Wednesday, 26 September 2012


“Why were the British tabloids up in arms about the Duchess of Cambridge’s boobs on show and her privacy punctured by a French magazine? Is it yet another not-so-easy-to-understand manifestation of British humour?” It’s only when I was asked these questions at a conference in Latin America that I realised what I usually dismiss as tabloid nonsense can be scrutinised intensely by many all over the world. I looked at the material again and I was shocked by its absurdity.

I was dumbfounded when I discovered that Express editor Richard Desmond – himself a notorious purveyor of pornography as former publisher of Asian Babes – threatened to close down the version of his daily newspaper in Ireland, the Irish Daily Star, for having also published the pictures. It was not surprising that some people truly believed that he may have finally came to his senses and renounced showing breasts to sell newspapers. Not at all! His other paper, the UK Daily Star had no shame waxing lyrics about the pain of Kate and, at the same time, splashed a topless 22-year old on its page 3. Its on-line version, on the other hand, continued to have a full section devoted to breasts or, as it calls it, babes.

Similarly, his main competitor in the Murdoch’s stable, The Sun, had no problem giving its wholehearted support to the duchess suing the photographer and, only a few pages later, splashed a picture of Kelly from Daventry dangling her breasts. The online version was also teeming with pictures of half-naked women.

As for Trinity Mirror top titles, The People and The Mirror, they refrained from printing the pictures of Kate, but they did very well with others. The first splashed photos of actress Helen Mirren, snapped by paparazzi on the beach in a bikini, and The Mirror's website preferred a naked former escort Jenny Thompson (who once slept with Wayne Rooney) covering her breasts and genitals with her hands.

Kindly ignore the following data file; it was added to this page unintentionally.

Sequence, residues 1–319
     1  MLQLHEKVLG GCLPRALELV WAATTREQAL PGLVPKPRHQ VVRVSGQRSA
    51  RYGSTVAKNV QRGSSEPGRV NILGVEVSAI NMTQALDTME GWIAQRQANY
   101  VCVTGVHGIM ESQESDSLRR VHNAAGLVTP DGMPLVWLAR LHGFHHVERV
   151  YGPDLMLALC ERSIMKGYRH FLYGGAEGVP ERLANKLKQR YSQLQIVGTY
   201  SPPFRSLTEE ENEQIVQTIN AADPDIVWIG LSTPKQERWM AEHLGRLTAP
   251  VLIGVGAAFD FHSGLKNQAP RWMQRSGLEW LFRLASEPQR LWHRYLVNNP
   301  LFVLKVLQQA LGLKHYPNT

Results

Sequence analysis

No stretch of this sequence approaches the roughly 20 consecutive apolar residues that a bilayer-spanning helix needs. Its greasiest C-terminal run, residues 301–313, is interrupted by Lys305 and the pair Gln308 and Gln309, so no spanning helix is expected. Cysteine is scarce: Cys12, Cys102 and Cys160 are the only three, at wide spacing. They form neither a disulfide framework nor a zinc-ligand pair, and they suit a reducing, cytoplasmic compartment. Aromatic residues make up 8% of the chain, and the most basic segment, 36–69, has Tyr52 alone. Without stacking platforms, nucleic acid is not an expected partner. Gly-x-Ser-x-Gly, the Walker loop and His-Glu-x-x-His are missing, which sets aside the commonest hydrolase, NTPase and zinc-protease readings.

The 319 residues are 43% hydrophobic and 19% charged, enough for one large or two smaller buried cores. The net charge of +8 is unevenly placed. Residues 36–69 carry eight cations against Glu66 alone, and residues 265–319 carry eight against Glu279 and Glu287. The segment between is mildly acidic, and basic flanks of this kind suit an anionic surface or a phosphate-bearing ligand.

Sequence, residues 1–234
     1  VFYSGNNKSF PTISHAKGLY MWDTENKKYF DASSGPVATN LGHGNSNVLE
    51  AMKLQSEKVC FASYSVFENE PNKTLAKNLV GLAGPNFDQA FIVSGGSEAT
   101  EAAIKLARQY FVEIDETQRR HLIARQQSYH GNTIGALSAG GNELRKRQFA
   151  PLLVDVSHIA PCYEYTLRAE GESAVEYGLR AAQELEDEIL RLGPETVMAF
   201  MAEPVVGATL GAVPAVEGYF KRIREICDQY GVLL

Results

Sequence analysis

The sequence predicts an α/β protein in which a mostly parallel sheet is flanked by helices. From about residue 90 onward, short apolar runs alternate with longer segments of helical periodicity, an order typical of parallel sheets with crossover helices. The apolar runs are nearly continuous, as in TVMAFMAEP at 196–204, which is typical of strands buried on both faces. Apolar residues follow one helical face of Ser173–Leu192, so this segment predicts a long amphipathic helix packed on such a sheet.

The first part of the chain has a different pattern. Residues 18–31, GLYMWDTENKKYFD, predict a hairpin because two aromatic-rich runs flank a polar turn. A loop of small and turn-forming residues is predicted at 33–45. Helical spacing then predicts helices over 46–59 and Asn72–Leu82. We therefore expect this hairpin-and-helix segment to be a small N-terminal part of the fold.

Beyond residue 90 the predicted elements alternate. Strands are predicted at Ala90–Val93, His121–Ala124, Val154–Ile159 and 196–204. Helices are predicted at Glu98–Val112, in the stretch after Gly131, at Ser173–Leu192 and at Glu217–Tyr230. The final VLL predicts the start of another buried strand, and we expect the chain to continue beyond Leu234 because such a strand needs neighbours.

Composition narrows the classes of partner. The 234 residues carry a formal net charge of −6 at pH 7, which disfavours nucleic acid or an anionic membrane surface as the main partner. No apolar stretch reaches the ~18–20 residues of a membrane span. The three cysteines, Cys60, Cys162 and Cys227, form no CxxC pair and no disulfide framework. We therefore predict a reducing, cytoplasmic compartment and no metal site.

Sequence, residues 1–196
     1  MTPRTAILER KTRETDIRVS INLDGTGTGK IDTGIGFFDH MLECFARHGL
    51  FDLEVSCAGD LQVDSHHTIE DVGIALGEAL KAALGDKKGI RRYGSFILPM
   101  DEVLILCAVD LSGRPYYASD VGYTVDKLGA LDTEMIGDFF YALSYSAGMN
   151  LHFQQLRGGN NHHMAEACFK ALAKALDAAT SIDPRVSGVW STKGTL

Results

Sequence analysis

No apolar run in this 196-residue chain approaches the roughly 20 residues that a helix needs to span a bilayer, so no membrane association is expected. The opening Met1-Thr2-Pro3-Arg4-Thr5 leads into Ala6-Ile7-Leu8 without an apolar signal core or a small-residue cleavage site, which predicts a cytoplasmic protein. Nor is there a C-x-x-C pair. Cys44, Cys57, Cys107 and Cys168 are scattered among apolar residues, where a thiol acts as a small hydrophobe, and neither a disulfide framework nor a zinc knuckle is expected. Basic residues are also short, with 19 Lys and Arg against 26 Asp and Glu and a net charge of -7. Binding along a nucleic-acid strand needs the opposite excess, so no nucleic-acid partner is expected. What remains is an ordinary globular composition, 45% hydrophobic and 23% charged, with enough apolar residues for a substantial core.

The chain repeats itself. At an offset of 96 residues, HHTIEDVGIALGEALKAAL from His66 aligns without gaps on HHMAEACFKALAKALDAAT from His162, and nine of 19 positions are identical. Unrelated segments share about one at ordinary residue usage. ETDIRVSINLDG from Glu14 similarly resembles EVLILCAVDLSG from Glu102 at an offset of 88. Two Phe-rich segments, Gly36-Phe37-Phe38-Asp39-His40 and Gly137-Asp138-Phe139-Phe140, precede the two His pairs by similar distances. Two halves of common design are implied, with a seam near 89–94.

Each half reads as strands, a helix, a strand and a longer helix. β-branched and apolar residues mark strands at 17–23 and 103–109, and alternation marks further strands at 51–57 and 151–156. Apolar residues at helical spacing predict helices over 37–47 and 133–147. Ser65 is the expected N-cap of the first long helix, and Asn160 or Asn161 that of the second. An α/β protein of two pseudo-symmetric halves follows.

As for the Daily Mail’s stuffy approach, it is punctured every now and again by its website sidebar brimming with pictures enthralling its readers with celebrities' breasts.

All these tabloids, and others, agree on one thing – you can print pictures of scantily-clad women as long as they are not royals.

Serious analysts saw in this fake furore an attempt to influence Lord Justice Leveson report, due shortly, on press regulation. The story has already produced a backlash in Ireland where the new model of press regulation, a model being considered by Leveson, came under attack from those who think it will not work and prefer full-blown privacy laws instead. It is worth remembering that the French magazine Closer went ahead and published Kate’s photos in breach of such legislation already in place in France, taking a calculated risk.